Driftwood Tray

By Fish Aye Trading

$110

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Details

Fish rubbing trays bring the sea straight into your home. Each tray is made with driftwood and features the work of artist and fisherman John Doherty. He creates these striking images using Gyotaku, a centuries-old technique of painting an actual fish and then rubbing it on paper to capture the print. The driftwood—along with dock cleats as handles—gives the tray a rustic feel, and is a great gift for a boater or any ocean lover.

  • Made in the USA: Cape Cod, MA
  • Materials: Driftwood, dock cleats
  • Care: Wipe with damp cloth
  • Features nautical designs
  • Handmade
  • Great for serving drinks or hors d'oeuvres
  • Dimensions: 12" x 18" x 2"
  • Weight: 3 lbs.

1 Review (3 out of 5 Grommets)

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3

Nice but small

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This tray complements the placemats already purchased. The tray is very well made with quality materials. I should have reviewed the size of the tray before purchasing because it is only an appetizer or small drink tray, not at all for carrying plates, etc. to our 3-season room.More > < Less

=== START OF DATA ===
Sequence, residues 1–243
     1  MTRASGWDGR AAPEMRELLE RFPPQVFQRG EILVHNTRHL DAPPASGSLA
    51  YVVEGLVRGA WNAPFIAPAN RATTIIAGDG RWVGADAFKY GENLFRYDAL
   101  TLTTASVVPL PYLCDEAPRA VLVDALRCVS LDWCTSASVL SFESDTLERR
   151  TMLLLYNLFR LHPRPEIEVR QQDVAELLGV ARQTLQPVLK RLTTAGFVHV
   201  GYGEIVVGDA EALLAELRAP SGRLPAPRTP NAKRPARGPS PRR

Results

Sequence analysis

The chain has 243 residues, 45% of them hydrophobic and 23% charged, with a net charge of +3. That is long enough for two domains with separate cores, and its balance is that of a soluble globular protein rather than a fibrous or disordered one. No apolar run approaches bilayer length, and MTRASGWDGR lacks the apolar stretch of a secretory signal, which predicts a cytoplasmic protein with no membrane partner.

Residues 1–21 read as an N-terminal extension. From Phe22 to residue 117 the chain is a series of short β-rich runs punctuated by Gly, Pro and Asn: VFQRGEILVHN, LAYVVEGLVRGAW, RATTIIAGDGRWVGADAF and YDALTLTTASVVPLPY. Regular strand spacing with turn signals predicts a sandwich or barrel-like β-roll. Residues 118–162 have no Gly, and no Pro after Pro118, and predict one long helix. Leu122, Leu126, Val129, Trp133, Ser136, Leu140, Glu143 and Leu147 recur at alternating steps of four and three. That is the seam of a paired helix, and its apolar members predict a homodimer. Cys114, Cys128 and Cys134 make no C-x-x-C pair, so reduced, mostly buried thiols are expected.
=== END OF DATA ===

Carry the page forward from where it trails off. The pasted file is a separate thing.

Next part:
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Fish Aye Trading V4

About Fish Aye Trading

Fisherman’s Delight

Most people would be turned off by the mess on the deck of a fishing boat, but John Doherty found it inspiring. After noticing the graphic imprint left behind by a bluefish he caught, John started experimenting with the ancient art of Gyotaku, or fish rubbing. He paints the body of a saltwater fish with water-based paints, then places fabric on top and gently rubs it to make a print. He finishes the piece with a single Chinese character, which he selects depending on the personality of the fish, what time of day it was caught, and his mood when he reeled it in.
Centuries ago, people used painted fish rubbings to document different species. John’s prints document his Cape Cod catch, preserving details such as the patterns of fish scales. His prints also celebrate his love of the ocean and marine life. Liz Boksanski, a friend of John, told us about his artwork and we were hooked right away. We love the authenticity of his work and the fact that he sees the process through to the end: After painting, John washes, fillets, and eats each fish.
We first launched Fish Aye Trading back in 2012 with a set of four placements. Now, we're also featuring the original artwork on nautical prints and decorative trays with driftwood accents. They’re all a great catch.